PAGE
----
Patrick Rice, 2019 Icon

Rebecca Palmer//August 16, 2019

Patrick Rice, 2019 Icon

Rebecca Palmer//August 16, 2019

Patrick Rice

Patrick Rice reflects on his life experiences from his Boise Centre office. Photo by Pete Grady Photography

The first taste Patrick Rice had of the service industry came when he was just 15, in the form of freshly backed biscuits and garden fresh produce from the kitchen of his grandmother’s cousin in Novia Scotia.

Rice still cares deeply about providing plates that are both beautiful and delicious, but his career has expanded dramatically. What started with washing dishes and catering turned into teaching aspirations, and then to hotel management. For most of the last two decades, Rice upped the ante on hospitality to serve at the helm of Boise Centre.

Boise Centre

The convention center, located in the heart of Boise’s downtown, is a public-private partnership funded by local tourism taxes and governed by the Greater Boise Auditorium District’s elected board of directors.

It has had its share of political drama over the years, with some industry heavyweights speaking out against taxation and the direction of the remodel. Through it all, however, Rice was able to maintain friendships and goodwill.

“Pat is an outstanding individual,” explains Chuck Everett, who found himself on the opposing side a few years back. “It’s only because of our friendship that we could take a step back and say, you know, you’re right. We don’t need to take this issue on a route that a lot of other people did, got angry or emotional about it.”

Building a team of excellence

Leading Boise Centre has been the capstone of Rice’s career, but his influence traces all the way back to his college days in Montana, when he sought a degree in teaching. His path took him in the direction of hospitality instead, but he has fulfilled the role of teacher and mentor in every job since then.

“I think the one thing that I appreciate the most about him is that he’s always believed in me and encouraged me to keep stretching and growing outside of my comfort zone,” explains Stacey Funk, who works as human resources director at the center. “He knew the right amount of pressure to push and just to keep encouraging me, because he saw potential in me that I never dreamed of in myself.”

Funk has worked with Rice at Boise Centre since he was brought on as project manager in 2001. Under his guidance, she has risen through the ranks to become an essential member for the team, Rice says.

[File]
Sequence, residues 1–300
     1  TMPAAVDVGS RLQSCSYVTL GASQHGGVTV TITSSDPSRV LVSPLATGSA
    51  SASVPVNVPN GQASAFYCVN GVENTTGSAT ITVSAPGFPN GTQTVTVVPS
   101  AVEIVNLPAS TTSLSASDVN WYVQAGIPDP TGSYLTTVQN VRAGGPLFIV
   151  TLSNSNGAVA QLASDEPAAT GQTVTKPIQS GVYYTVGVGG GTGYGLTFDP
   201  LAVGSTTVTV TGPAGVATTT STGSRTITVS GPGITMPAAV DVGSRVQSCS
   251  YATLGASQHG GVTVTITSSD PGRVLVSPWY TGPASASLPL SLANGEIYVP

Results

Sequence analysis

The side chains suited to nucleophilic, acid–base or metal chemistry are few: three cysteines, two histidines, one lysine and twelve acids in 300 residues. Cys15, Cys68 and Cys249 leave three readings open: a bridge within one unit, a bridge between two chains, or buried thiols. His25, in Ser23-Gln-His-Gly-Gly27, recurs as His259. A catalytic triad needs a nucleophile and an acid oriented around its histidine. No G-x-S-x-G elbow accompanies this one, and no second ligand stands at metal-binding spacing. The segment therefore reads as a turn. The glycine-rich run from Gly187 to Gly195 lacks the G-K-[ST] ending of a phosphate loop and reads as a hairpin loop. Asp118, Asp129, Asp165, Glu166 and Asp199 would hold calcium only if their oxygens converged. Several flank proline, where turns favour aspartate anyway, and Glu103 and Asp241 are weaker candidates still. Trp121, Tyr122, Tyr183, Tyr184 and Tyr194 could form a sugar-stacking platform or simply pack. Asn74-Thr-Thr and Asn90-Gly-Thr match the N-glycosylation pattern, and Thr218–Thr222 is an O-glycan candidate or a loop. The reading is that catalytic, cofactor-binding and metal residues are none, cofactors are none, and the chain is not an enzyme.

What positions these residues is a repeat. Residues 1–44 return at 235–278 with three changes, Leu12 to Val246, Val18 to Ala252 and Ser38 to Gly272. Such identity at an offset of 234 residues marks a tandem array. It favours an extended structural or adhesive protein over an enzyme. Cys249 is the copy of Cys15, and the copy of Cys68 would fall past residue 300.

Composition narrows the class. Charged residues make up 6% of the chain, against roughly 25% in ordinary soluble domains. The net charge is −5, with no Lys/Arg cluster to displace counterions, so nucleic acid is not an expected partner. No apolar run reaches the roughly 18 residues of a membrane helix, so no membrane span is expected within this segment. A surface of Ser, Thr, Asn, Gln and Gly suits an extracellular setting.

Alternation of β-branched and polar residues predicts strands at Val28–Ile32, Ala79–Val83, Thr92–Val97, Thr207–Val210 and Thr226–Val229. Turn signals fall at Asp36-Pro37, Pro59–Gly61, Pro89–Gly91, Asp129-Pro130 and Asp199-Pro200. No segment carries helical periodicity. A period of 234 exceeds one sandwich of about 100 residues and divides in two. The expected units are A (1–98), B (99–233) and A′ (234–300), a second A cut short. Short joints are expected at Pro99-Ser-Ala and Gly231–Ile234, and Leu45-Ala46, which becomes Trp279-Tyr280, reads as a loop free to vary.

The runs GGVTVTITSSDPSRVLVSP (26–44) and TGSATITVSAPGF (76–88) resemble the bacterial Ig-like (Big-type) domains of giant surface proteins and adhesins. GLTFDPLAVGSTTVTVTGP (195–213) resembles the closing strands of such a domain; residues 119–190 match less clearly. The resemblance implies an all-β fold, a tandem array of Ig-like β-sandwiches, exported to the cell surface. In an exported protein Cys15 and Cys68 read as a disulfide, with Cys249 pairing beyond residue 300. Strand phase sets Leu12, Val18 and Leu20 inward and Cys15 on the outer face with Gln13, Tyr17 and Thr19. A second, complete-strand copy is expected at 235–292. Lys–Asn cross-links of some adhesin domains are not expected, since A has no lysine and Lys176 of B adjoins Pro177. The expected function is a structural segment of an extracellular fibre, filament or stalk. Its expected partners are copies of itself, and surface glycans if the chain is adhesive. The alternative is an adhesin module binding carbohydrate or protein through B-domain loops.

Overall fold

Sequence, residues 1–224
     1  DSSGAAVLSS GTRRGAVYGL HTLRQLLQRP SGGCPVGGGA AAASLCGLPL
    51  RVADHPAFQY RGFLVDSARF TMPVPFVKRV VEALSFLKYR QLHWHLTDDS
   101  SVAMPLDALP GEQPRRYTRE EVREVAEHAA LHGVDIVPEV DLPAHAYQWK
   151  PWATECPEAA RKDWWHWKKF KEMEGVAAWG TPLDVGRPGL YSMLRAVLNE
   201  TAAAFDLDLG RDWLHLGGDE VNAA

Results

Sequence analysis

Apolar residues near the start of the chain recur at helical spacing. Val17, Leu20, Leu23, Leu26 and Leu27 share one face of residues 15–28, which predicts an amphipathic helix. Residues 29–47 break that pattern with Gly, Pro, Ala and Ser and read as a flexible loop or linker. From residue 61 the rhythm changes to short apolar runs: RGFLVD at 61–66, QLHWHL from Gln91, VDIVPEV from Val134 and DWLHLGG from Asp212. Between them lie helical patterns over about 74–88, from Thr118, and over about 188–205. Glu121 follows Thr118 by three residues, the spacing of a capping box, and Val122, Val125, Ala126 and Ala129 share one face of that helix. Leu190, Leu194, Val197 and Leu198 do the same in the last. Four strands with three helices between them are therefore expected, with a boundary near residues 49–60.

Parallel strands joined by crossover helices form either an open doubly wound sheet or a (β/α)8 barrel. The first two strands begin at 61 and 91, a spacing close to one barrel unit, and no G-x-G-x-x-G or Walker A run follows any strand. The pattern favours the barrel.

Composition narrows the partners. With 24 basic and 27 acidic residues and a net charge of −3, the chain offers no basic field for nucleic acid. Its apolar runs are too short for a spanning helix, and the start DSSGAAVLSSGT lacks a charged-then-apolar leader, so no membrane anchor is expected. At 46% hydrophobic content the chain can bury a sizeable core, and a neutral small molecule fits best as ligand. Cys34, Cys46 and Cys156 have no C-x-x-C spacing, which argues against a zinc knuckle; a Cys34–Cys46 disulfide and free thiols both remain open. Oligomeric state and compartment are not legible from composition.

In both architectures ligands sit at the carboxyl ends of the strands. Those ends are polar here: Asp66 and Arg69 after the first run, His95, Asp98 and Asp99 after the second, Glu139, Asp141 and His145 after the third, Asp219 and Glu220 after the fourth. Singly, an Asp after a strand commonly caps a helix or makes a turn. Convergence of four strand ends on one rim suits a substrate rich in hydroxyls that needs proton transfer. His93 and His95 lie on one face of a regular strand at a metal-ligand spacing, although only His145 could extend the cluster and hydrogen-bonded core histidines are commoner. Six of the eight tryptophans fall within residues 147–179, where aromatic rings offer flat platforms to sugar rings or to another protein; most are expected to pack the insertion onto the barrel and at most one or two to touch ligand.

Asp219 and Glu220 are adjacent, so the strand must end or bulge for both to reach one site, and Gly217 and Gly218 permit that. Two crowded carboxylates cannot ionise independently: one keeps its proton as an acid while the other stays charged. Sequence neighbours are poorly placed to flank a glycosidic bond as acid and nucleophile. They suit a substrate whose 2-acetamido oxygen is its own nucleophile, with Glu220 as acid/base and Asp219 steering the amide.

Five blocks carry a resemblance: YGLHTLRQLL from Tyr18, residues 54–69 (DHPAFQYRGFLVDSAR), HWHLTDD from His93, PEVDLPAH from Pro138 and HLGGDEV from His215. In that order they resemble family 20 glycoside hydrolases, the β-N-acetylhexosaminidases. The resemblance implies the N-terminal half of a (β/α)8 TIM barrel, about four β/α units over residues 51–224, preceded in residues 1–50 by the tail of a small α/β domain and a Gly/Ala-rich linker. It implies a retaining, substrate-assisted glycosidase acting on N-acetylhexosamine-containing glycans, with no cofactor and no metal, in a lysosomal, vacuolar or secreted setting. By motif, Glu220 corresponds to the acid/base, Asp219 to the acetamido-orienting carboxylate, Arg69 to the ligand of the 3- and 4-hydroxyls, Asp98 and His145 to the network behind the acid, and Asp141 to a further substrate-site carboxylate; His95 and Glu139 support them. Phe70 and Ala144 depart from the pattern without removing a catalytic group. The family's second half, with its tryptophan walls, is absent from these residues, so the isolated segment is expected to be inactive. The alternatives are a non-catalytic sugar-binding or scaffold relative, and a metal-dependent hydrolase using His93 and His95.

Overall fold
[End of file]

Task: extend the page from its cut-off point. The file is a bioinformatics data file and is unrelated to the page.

In fact, several of the top leaders at Boise Centre have come up through the ranks, and the team has a very low turnover rate because of it, Rice says. Some even worked for Rice, left to pursue growth opportunities, and have since returned. Operations  Manager Nick Souba is one of the most prominent.

“You can tell Pat’s a servant leader,” says Souba, who left the Boise Centre for seven years for a job at the Boise Chamber of Commerce. “He truly listens to and cares about what you say.”

Rice praises his team at every opportunity, but he agrees that he is responsible for setting the standard of excellence.

Family and future

Rice is still the primary cook at home, and he and his wife Beth travel often to visit their two sons, Sean and Matthew. Both fly planes with the U.S. armed forces, and one is a flight instructor.

Rice hopes to retire within the next three to five years, he says. When he does, his legacy will live on not only in the Boise Centre and its impact on downtown, but also in the careers of the hundreds of men and women he has led and mentored during his career.

Culture is huge here, and that’s something I’ve found whether its the hotel business or this business, it’s all about culture. The expectation starts with me.


Patrick Rice started his career working in kitchens, but told one of his first bosses in an interview that he wanted to take his job someday. He moved up the ranks in that company and then started working in hotels. He quickly gained more prestige and responsibility and started managing hotels, moving around the country to gain experience in bigger and more complicated properties. He left the hotel business in 2001 for Boise Centre, where he is currently the executive director.


Graduated from Montana University

He earned a bachelor’s degree in home economics in 1981.

Spent 8 years as general manager of two full-service hotels

He took over at the Riverside hotel in Garden City and the Red Lion hotel in Boise in 1994.

Elected to public office

He was elected to the board of the Greater Boise Auditorium District.

Managed award-winning renovation and expansion at Boise Centre

After being hired as project manager in 2001 for the Boise Centre remodel, he was brought on as executive director.

Editor’s note: This article has been updated to reflect Rice’s graduation from Montana University.